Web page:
Universities are research and teaching institutions, and at the core of research lies the ability of the researcher to discover what is and what is not known about an area. This in effect involves as comprehensive review of the literature as possible and if the library holdings of journals are not as complete as possible then research will be misdirected or delayed. If a library has not got a journal then one faces either paying for it oneself (usually of the order of $30-50 per journal article) or scrounging it from a colleague in more favoured institution.
Irish university libraries have, as I have noted, been hollowed out by staff cuts. We can now show the further hollowing out. Peter Mathews via a PQ sourced these data and we should be grateful to Peter for his ongoing interest in the education issues. First, we can see the relative spend on STEM and HSS (Humanities and Social Sciences) on journals. For the most part these journals were sourced on a national consortium basis under the rubric of IRel. Spending, since 2006 has increased 11% on STEM journals while it has fallen 3% on HSS; the ratio of spending on STEM versus HSS journals (2007-12) has bobbled around but on average stands at close to 2:1. Some of this spend is outside the control of IReL as it is a price taker but the relative spend is still extraordinary. Bear in mind: the greater proportion of graduates hired are from HSS disciplines, and while the present thrust is to STEM the value of the (A)HSS sector cannot and is not underplayed. It would be nice if the government and HEA were to honour the fine words of the 2010 report on the value of that sector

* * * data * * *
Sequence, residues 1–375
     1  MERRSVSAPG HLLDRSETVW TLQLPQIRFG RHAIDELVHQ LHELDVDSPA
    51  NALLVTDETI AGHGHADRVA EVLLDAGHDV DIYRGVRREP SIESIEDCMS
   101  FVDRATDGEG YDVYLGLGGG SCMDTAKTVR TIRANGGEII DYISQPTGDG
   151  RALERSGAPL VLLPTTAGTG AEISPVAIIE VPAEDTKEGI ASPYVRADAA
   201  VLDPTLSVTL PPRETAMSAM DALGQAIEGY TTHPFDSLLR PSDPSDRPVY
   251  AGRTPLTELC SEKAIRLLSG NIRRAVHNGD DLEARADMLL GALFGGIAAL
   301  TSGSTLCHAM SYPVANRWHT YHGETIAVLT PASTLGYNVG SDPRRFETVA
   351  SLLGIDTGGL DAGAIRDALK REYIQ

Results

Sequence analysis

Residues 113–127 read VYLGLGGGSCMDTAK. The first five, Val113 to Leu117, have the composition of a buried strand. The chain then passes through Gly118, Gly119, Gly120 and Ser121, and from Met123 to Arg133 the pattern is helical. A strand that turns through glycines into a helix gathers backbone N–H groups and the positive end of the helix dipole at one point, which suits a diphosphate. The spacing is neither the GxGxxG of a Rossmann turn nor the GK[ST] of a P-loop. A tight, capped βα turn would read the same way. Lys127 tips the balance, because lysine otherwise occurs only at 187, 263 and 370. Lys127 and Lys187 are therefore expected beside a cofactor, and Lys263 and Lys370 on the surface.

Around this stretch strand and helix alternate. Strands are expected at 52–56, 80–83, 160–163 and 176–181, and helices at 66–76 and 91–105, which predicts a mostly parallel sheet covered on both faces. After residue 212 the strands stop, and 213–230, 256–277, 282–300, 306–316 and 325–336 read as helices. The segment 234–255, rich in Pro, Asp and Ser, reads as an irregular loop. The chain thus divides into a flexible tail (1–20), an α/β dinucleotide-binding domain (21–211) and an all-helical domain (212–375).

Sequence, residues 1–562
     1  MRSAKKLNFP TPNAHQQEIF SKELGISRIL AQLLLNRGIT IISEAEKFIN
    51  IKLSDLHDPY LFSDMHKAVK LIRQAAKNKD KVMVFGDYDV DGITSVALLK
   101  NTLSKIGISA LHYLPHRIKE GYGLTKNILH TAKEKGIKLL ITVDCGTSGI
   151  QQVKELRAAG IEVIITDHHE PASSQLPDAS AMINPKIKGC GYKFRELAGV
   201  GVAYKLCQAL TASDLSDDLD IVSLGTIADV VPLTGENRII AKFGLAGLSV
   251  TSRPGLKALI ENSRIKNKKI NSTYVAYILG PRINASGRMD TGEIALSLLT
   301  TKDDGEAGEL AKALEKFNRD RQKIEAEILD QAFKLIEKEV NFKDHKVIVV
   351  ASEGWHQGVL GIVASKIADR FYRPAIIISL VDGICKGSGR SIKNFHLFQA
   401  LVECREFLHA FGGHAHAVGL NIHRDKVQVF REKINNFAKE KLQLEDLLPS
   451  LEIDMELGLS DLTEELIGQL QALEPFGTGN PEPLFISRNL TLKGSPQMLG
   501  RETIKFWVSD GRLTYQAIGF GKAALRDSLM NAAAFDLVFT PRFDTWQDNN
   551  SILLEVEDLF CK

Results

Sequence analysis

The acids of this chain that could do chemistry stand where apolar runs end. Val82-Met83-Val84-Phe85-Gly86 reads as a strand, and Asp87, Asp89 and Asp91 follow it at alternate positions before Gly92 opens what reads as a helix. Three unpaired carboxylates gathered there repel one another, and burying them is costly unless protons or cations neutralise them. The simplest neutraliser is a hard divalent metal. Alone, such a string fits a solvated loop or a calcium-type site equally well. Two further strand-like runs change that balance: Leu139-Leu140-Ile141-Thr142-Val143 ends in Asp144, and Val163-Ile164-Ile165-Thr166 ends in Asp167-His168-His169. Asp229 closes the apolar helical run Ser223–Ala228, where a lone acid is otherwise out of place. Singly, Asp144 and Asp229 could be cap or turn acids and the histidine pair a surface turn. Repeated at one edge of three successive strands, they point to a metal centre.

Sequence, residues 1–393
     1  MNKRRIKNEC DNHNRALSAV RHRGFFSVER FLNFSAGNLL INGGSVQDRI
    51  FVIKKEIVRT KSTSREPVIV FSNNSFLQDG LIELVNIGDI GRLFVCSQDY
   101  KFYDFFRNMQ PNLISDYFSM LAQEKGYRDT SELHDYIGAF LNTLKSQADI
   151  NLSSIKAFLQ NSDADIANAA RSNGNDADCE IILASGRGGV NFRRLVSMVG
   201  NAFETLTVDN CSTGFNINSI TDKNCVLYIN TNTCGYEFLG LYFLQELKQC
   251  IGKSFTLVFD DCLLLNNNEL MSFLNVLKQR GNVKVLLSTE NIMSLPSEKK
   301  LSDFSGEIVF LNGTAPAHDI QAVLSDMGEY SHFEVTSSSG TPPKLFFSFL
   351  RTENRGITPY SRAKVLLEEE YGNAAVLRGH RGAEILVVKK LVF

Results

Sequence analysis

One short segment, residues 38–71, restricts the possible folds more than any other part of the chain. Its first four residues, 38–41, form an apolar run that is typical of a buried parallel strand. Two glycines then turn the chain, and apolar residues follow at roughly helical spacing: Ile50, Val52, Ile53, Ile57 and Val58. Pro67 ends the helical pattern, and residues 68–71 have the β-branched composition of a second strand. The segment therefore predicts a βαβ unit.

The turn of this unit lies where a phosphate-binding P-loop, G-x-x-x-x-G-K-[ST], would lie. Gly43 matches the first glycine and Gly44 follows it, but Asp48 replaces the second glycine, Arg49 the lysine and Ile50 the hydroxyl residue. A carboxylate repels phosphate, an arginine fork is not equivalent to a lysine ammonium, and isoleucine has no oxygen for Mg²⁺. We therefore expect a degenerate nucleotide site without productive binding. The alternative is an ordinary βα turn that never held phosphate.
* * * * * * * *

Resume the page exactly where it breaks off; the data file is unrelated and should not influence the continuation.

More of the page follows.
As resources have fallen so to have journals have been withdrawn. They number over 400, and what is astounding is that all these journals lie in the STEM (Science, technology engineering and mathematics) domain, the very domain that we are told will be the foundation of the Smart Economy. The data show the journals, the year cancelled, and some notes. The notes should be read as follows ; 7 – was available in the 7 universities ; 7 RCSI – was available in the RCSI and the 7 universities ; 7 Irel DCU NUIM – was available in the 7 universities and is now being subscribed by a mini-consortium of DCU and NUIM
Some issues emerge from this data.
First, it is almost certain that a mini-consortium of two midsized universities will not get as avourable terms as a national consortium.
Second, what on earth went wrong in negotiations in Taylor and Francis?
Third, while some readers may look at any individual journal and say “sure what use is that” , the simple answer is that unless one is a researcher in that domain you cant say. As I noted a comprehensive literature study requires comprehensive library resources. There is no point in spending time and money studying an area that is already done to death AND which you did not know about as the journals were not available. As an editor of a journal it is disheartening to desk reject papers which assert primacy or novelty when one knows that this is an illusion caused by poor or inadequate literature searching.
here is the list in Excel format….i would appreciate comments from STEM researchers and librarians in particular.